In papers filed this week in federal court, lawyers for the record labels said LimeWire founder Mark Gorton had moved a big number of the Lime Group's assets (90 percent of LimeWire's ownership stakes) to an entity he hopes will be shielded from the lawsuit. They quickly tried to have the assets frozen.
With damages that could top $1 billion, you can see why the fear is there.
The recording labels moved last week for a permanent injunction to stop LimeWire, obviously not aware of the technology that drives LimeWire (but still feeling fully confident in their ability to represent the recording labels). LimeWire can be no more be stopped than the ocean can be drained.
LimeWire is driven by the Gnutella network, which turns every person with LimeWire software into a little mini LimeWire server. There is no central system to shut down, only a decentralized system in which each person is a LimeWire 'node.'
This means the labels haven't sued the people responsible for the network. That would be each person with LimeWire software. Oooops! How much did you pay that law firm to represent you?
Meanwhile, LimeWire is looking for a new legal firm to represent them as well.
"We will continue to stay focused on the development of our new music service and ensure that the company continues business as usual. We were looking for a better firm," said a spokesperson for the company.
A U.S. judge ruled last month that LimeWire induced copyright infringement with their P2P file sharing software, in a lawsuit filed by 13 record labels. Warner Bros, Arista, Capitol Records and more claimed that LimeWire users were able to exchange copies of more than 3,000 of their copyrighted recordings.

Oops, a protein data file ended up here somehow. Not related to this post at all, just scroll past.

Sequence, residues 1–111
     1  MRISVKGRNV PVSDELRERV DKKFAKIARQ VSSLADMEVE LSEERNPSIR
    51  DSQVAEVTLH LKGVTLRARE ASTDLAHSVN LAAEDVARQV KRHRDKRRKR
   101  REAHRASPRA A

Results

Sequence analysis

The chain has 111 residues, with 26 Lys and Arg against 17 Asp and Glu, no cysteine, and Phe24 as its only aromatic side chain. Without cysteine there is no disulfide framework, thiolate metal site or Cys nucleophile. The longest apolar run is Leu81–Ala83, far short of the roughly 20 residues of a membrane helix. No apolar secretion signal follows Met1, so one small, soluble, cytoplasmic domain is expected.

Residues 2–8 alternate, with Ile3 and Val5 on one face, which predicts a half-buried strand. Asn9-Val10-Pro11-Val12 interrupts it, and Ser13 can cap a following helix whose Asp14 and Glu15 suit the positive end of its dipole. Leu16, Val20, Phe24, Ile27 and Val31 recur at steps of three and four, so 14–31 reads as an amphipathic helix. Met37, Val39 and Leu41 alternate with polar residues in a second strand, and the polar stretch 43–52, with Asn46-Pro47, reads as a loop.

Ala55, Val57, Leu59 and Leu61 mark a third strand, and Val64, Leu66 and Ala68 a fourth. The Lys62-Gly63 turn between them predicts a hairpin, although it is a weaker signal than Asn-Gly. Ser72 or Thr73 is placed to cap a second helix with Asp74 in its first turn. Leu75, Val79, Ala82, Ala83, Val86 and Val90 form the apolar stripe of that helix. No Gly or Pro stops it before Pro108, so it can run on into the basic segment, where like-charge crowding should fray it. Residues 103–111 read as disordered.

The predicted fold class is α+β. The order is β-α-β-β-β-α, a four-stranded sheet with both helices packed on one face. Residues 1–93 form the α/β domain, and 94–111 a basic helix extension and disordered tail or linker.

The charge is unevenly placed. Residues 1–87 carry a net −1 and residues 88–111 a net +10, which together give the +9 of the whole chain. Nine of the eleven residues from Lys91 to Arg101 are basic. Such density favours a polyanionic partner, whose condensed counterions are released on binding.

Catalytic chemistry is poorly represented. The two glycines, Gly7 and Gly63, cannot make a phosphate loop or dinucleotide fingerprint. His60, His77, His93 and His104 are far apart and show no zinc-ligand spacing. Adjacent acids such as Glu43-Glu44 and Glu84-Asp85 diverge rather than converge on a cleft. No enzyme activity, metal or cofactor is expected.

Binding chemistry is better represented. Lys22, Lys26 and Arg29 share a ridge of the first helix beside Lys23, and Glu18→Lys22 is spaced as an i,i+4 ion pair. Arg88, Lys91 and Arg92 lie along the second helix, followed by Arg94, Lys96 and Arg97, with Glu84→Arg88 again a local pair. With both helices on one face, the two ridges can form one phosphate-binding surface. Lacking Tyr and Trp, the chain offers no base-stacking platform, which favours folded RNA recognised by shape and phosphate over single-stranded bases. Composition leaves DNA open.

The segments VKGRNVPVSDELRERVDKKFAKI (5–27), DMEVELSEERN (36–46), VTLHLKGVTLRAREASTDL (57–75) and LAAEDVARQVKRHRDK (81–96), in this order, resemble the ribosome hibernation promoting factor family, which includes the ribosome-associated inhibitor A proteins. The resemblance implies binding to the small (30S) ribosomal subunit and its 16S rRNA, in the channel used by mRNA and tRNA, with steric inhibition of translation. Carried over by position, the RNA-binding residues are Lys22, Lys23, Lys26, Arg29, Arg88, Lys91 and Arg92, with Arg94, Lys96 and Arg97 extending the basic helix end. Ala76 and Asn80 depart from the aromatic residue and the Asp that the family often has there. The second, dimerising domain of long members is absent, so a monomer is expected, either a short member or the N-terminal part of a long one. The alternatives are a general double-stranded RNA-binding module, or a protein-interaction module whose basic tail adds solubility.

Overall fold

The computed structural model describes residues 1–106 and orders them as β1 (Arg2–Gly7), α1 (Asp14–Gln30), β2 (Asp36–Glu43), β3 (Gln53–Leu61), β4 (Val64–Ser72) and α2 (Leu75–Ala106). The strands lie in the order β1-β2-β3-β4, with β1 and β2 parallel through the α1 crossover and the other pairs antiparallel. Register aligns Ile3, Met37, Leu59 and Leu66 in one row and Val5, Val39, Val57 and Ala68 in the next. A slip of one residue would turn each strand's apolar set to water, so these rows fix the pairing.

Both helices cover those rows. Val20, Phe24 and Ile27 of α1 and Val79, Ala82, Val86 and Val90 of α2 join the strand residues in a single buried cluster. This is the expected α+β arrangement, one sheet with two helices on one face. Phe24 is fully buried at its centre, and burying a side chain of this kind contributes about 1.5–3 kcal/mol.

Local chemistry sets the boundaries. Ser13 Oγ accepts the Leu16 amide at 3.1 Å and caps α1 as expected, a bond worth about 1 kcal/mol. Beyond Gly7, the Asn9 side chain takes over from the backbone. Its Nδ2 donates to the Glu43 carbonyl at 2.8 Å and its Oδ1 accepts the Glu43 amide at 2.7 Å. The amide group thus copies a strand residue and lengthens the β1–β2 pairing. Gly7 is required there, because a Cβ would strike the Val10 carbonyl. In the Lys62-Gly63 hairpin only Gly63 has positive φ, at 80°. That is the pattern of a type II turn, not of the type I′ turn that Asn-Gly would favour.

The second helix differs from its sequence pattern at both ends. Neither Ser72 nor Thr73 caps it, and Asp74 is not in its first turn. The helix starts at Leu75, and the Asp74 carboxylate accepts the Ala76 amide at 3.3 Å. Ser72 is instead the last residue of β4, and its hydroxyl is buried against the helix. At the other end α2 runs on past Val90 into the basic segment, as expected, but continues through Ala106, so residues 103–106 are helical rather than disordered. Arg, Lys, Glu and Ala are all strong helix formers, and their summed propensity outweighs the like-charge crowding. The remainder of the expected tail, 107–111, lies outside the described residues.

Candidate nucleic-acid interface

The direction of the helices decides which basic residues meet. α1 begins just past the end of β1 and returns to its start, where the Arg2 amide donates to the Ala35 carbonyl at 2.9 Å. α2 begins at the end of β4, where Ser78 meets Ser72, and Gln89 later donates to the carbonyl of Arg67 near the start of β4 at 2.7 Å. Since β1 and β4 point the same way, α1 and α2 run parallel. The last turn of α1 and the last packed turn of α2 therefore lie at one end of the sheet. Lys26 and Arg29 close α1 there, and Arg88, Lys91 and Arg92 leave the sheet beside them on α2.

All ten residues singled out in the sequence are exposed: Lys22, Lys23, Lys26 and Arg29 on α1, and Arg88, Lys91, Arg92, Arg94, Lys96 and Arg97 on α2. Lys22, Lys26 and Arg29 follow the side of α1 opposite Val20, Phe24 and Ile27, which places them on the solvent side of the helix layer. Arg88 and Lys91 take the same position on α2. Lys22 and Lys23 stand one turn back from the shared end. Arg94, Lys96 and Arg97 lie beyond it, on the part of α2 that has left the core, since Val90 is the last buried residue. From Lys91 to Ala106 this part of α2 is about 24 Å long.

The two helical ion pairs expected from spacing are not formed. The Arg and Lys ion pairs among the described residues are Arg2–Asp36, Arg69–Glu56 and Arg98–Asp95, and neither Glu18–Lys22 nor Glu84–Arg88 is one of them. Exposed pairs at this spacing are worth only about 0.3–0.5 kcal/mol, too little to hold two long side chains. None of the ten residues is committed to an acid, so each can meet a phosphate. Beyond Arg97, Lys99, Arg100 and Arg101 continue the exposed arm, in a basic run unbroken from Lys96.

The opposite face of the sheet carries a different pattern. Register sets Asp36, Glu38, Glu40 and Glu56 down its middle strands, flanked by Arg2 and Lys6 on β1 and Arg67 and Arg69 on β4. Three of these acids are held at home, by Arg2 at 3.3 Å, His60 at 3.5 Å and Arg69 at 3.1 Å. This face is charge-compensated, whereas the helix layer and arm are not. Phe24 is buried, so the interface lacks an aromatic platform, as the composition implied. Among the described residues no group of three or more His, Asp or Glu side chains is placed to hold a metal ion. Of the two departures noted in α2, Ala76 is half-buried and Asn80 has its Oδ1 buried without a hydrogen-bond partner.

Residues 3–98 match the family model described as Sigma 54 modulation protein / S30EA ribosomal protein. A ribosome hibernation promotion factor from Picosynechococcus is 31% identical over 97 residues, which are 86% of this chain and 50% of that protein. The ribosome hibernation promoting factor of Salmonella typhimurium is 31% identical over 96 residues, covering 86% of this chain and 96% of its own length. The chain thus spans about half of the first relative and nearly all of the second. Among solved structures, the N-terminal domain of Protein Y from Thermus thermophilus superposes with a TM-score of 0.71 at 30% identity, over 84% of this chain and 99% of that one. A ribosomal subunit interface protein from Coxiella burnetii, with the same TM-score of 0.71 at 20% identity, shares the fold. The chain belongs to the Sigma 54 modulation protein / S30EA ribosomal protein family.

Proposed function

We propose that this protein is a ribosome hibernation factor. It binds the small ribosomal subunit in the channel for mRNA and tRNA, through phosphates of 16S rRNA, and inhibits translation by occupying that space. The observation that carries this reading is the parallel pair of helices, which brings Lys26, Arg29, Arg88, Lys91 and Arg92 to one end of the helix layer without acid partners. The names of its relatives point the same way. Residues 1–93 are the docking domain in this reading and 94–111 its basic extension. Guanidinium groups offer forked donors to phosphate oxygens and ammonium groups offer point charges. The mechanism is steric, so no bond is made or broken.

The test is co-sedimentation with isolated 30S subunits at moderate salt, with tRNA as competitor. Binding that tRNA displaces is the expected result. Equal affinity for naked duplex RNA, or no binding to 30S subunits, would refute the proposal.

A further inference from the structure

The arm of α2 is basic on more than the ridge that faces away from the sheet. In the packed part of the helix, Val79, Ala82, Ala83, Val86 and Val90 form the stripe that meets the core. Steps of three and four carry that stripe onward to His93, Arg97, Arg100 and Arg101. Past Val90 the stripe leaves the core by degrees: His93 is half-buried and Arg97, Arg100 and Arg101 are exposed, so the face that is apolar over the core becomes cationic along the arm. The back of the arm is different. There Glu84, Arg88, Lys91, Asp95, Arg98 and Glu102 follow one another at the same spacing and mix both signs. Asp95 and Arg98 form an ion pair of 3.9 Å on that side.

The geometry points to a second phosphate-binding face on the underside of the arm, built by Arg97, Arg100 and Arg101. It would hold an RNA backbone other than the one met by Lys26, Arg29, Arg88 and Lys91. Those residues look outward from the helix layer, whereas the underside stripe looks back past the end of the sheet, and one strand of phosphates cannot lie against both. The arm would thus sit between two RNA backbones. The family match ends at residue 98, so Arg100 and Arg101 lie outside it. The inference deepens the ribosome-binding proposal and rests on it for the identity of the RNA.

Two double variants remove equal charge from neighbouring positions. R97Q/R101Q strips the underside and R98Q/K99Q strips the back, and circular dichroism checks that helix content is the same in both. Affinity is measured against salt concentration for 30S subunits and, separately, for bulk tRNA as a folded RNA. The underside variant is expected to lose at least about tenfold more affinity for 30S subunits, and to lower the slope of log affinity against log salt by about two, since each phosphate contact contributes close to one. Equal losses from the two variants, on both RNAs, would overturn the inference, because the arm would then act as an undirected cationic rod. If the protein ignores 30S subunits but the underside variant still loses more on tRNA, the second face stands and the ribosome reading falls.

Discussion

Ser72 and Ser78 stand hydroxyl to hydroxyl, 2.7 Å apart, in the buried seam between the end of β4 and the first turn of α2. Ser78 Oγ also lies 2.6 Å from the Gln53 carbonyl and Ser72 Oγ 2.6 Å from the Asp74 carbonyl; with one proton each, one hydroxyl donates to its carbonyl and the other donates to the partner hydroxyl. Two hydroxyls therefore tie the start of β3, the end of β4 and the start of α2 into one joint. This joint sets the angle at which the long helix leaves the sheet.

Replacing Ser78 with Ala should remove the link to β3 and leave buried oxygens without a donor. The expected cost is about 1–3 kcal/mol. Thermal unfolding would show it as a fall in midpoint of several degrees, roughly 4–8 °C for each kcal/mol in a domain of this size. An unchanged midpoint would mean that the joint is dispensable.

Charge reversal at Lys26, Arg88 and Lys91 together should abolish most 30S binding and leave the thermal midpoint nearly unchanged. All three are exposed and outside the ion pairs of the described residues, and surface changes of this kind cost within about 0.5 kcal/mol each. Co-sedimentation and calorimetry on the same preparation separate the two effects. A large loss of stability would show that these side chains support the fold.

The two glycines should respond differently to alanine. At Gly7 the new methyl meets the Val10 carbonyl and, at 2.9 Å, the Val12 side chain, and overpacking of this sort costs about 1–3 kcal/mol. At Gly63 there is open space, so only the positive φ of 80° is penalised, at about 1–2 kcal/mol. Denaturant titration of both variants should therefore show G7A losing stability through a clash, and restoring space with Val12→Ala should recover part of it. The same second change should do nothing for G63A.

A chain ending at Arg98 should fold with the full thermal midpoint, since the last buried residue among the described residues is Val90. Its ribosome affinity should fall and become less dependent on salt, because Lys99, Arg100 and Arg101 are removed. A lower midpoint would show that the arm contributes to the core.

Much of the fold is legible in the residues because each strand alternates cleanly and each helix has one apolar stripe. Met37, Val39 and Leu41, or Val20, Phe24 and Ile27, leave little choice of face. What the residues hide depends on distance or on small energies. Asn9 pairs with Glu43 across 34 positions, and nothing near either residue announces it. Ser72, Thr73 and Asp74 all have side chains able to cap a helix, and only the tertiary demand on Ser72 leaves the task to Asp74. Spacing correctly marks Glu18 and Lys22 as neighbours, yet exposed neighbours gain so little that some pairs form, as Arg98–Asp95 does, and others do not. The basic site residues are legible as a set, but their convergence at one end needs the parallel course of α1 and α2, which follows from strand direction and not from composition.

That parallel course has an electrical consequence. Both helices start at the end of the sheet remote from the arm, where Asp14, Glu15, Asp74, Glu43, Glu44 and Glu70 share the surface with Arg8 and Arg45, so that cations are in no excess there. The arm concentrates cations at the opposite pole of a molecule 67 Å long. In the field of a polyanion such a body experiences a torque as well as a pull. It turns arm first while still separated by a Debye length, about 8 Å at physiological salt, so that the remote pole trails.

The ruling was made against LimeWire by U.S. District Judge Kimba Wood in Manhattan, and the lawsuit was originally filed back in 2006. She decided that LimeWire and Mark Gorton had committed copyright infringement, engaged in unfair competition and induced users to commit copyright infringement with the software.
"The evidence demonstrates that LimeWire optimized LimeWire's features to ensure that users can download digital recordings, the majority of which are protected by copyright, and that LimeWire assisted users in committing infringement," she wrote in a 59 page ruling. She also cited a copyright infringement cas against Grokster as part of the basis for her ruling.
LimeWire came to fame as another one of those P2P (peer-to-peer) file sharing programs based on the Gnutella network, that allowed users to download music, movies and more for free. Later they also joined up with BitTorrent. They were sued in 2006 by an RIAA umbrella group; a month later, LimeWire countersued, citing antitrust violations.
Arista, Atlantic, BMG Music, Capital, Elektra, Interscope, LaFace, Motown, Priority, Sony BMG, UMG, Virgin and Warner Brothers are the full list of companies that sued Lime Group, the makers of the LimeWire P2P software.